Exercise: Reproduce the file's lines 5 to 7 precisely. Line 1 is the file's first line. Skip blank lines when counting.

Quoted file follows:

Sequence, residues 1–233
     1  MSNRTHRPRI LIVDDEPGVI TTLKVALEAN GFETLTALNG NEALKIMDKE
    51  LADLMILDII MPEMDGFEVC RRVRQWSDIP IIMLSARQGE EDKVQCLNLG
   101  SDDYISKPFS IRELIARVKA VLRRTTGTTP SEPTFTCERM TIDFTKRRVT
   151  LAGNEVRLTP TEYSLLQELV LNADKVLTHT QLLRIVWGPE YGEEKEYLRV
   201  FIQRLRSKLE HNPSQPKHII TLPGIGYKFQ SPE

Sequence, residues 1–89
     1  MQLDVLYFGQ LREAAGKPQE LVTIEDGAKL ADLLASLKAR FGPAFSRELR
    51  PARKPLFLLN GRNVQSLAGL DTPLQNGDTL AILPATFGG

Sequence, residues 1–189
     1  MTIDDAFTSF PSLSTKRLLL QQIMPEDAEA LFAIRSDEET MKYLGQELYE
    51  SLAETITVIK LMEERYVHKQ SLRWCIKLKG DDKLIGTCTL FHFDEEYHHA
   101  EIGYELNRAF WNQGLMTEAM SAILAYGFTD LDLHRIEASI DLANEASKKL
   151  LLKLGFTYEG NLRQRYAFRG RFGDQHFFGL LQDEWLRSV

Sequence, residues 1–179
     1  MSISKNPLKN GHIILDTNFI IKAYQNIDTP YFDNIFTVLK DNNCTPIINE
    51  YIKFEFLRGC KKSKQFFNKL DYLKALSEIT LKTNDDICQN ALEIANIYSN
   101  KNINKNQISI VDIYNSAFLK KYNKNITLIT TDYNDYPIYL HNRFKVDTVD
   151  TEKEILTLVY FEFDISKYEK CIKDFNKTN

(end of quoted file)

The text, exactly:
   151  LAGNEVRLTP TEYSLLQELV LNADKVLTHT QLLRIVWGPE YGEEKEYLRV
   201  FIQRLRSKLE HNPSQPKHII TLPGIGYKFQ SPE

Sequence, residues 1–89